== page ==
Hindutva vs Hinduism: Why I am proud to be pseudo-secular?

Discussion in 'Politics & Society' started by afako, Dec 10, 2012.

  1. afako

    afako Regular Member

    Aug 18, 2010
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    I am ‘pseudo-secular’. I am proud to be one. It’s better than being ‘communal’ or a religious fanatic. I find it demeaning to be a religious hate-monger and I find it below my dignity to extend any moral support to people who would kill innocent people for religion. I would like to call myself ‘secular’ but since all shades of the Hindutva crowd also love to define themselves by that term I would be happy with my hyphenated existence.

    Why are we on the topic of secularism? Because it has been and will continue to be a constant in the country’s political narrative, always a ready instrument for opportunistic manipulation by people on both sides of the secular-non-secular divide. It will remain the pivot around which political alliances and dalliances will evolve and revolve. Since the term ‘pseudo-secular’ is a legitimate presence:lol: in the Indian political discourse by now, it deserves to be treated with seriousness.

    The debate on secularism has been a subterranean presence in politics even before the days of the Constituent Assembly. The presence has become more pronounced through the years of the demolition of the Babri Masjid in 1992 and the Gujarat riots of 2002, the period that coincides with the rise and plateauing of the BJP as a strong political player. As the Narendra Modi debate gets shriller, expect secularism to be the topic of animated discussions more often. His emergence as a political force is rooted in hardline Hindutva and no talk of development will erase that from collective political memory.

    Coming back to pseudo-seculars, a whopping big section of the Indian population comes under this category but, curiously enough, they are not even aware of it. Pseudo-seculars, according to Right wingers, are those whose blood does not boil at the mention of Muslims and Christians, who don’t believe in Hindu victimhood, who are not macho enough to suggest that attacking Pakistan is the best way to handling the pesky country and those who don’t dance to every music on the streets thinking it’s an attack on the Hindu identity.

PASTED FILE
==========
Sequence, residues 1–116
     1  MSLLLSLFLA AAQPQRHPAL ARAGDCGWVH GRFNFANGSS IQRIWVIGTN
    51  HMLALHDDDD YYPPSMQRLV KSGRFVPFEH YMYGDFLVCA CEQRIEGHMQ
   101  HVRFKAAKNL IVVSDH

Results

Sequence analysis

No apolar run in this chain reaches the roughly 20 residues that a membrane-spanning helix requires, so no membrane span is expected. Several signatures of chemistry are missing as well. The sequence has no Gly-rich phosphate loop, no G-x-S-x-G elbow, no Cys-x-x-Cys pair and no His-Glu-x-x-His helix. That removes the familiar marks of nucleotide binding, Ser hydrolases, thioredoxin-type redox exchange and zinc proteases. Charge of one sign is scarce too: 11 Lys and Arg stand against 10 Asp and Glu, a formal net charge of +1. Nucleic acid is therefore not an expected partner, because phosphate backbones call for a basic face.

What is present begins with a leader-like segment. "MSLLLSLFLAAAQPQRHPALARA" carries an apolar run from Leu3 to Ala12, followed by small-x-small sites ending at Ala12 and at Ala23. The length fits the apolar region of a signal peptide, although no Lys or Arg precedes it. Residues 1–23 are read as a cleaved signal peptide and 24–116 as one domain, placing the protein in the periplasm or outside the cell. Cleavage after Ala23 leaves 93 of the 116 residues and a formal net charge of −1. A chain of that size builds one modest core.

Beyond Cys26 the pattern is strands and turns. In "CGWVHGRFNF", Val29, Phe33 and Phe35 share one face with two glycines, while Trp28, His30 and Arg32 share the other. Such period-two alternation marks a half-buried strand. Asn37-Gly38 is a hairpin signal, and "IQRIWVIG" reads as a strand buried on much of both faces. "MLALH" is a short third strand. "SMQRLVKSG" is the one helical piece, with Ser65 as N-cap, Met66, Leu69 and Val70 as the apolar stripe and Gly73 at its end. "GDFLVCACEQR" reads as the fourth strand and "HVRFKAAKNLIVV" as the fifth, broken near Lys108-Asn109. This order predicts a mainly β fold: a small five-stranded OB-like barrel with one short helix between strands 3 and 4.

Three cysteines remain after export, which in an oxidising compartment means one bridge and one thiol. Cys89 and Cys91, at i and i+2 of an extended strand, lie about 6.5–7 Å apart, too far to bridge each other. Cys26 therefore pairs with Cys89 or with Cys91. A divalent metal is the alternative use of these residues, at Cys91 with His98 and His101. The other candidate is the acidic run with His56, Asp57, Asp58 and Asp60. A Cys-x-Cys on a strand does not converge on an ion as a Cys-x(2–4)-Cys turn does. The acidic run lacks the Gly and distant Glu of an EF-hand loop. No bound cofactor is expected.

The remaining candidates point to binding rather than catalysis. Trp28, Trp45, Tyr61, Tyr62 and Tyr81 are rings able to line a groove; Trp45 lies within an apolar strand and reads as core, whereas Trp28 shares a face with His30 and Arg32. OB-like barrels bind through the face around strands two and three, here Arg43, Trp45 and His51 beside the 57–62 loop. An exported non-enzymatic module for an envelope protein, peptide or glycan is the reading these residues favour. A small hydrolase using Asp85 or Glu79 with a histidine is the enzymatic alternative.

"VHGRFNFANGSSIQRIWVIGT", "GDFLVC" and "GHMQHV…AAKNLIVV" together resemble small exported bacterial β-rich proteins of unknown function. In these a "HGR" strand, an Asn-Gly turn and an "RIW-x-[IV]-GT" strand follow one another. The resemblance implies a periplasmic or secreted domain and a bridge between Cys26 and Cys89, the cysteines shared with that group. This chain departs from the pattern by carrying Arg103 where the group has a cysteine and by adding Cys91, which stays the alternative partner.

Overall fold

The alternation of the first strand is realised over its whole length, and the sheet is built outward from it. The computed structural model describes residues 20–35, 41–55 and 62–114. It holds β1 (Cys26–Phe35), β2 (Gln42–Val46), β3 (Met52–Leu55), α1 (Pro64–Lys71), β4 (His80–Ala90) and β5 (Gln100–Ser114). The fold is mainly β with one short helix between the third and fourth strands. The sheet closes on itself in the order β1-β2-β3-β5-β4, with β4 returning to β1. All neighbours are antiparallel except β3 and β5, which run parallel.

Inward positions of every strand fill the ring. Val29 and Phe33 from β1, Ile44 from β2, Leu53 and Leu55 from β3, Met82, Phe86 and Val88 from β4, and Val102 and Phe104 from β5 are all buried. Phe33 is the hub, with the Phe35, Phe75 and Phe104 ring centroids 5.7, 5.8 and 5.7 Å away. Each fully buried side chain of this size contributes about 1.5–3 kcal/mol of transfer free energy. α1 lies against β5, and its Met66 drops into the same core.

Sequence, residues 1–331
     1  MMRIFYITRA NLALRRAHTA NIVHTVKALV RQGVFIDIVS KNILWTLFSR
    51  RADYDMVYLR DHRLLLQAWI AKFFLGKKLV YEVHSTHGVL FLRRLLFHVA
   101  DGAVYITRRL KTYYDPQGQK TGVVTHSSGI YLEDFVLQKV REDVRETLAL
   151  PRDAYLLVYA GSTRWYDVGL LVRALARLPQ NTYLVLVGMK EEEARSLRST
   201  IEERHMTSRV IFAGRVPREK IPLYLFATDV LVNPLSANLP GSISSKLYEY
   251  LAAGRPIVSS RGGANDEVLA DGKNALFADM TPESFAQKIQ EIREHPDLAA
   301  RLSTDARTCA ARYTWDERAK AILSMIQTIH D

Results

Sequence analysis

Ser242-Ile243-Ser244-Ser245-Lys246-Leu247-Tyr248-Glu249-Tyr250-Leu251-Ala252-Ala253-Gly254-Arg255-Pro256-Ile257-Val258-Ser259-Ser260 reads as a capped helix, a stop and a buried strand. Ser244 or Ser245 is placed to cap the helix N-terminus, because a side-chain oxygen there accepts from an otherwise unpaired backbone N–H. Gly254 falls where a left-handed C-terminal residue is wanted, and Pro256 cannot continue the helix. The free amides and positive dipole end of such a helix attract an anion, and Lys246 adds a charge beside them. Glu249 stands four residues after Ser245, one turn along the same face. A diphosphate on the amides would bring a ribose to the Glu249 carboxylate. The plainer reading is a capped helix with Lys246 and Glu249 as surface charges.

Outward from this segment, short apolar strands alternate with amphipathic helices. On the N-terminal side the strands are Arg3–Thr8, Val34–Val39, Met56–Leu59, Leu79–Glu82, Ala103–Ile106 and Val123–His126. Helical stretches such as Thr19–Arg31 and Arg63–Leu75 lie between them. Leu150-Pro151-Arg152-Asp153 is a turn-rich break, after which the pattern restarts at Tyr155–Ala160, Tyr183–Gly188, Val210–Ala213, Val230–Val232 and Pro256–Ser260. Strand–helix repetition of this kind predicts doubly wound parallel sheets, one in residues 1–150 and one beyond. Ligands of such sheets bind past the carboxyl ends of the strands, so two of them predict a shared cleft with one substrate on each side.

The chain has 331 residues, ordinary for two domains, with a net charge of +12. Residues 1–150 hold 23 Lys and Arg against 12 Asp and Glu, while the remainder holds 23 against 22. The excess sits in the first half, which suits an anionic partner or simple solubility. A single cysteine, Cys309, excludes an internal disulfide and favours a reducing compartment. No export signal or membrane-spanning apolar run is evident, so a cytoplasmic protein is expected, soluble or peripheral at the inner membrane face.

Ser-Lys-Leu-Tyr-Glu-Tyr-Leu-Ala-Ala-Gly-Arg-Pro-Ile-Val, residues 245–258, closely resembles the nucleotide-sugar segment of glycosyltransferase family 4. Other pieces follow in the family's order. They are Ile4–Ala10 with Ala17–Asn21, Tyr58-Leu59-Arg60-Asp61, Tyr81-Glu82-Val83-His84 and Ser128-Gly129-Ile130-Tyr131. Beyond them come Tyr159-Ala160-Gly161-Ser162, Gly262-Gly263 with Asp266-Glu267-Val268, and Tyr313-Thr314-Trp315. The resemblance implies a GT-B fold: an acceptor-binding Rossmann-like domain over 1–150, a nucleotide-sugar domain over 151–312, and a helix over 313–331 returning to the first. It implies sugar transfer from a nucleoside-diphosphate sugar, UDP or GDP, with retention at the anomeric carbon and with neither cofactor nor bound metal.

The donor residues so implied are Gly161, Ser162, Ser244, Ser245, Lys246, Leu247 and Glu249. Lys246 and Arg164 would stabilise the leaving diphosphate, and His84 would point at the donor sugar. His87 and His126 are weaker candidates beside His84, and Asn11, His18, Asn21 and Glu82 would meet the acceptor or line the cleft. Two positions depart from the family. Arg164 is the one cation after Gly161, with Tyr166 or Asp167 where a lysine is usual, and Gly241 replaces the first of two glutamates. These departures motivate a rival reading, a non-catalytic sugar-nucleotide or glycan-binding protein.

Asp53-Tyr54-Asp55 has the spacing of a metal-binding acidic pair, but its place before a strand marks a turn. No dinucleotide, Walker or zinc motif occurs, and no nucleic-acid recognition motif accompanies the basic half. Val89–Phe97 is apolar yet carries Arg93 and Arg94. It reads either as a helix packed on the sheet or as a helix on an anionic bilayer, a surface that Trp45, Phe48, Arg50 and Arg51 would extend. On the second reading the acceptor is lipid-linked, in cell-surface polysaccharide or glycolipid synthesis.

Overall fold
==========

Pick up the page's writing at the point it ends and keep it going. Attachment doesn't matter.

Pseudo-seculars are also people who fail to make any sense of rabid, chest-thumping nationalism and who don’t automatically extend unconditional support to the belief system held inviolable by the Sangh Parivar affiliates. They are regular people who get carried away by religious emotions occasionally but generally keep their religion and politics apart. They dislike living in hate and anger but fall prey to temporary madness at times. They are the people who have been keeping the communal forces off taking control of the country and their immediate society.

    They represent the great syncretic tradition of the country and the grand idea of India, which is a product of many adjustments and compromises between people of different faiths, beliefs and quirks. They are Hindus in the true sense of the word, not Hindutvavadis – people bent on forcing Hinduism into a narrow meaning. Hinduism, to begin with, was never an organised religion in the sense Islam and Christianity are, it has always been a way of life, rich with a variety of influences accumulated through centuries of historical and social processes.

    Hinduism is inherently constructive and inclusive while Hindutva is destructive and exclusive. Hinduism is liberal, assimilative and democratic while Hindutva is illiberal and undemocratic
    .{Both are Shirk and according to Islam both deserve to be eliminated.} :namaste: There’s a certain inferiority complex among the followers of the latter which shows in their tendency to be provocative, aggressive and assertive. There’s is a state of existence that breeds hate and survives on hate. Fortunately for the country, pseudo-seculars outnumber them in all spaces. That the country has not gone the Pakistan way is the strongest proof that they exist, silent yet powerful.

    Take the Muslims and other religious communities out of the whole secularism debate—these are sections that have foolishly allowed themselves to be used by political parties of all shades for electoral ends—the Hindutvavadis would emerge the biggest threats to the idea of Hinduism, by extension the grand construct that is India. They might call themselves truly secular, whatever that means, but it does not bring down the threat perception to the rich socio-cultural mosaic of the country.

    The pseudo-seculars, the true upholders of Hinduism and the idea of India, for some curious reason, are too unassertive, too defensive and too self-effacing. Maybe humility is part of their culture. But this approach won’t help any more. Indian politics may throw up bigger conflicts, latent and overt, between Hinduism and Hindutva. They should brace for that.

    It is about time they flaunted being ‘pseudos’ as a badge of honour. It’s time more people said, “I am pseudo-secular and proud to be one.”

    Hindutva vs Hinduism: Why I am proud to be pseudo-secular | Firstpost
  3. blank_quest

    blank_quest Senior Member Senior Member

    Aug 4, 2012
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    I have coined a new term "Banana Secularism" :lol: I will elaborate it later :rofl:

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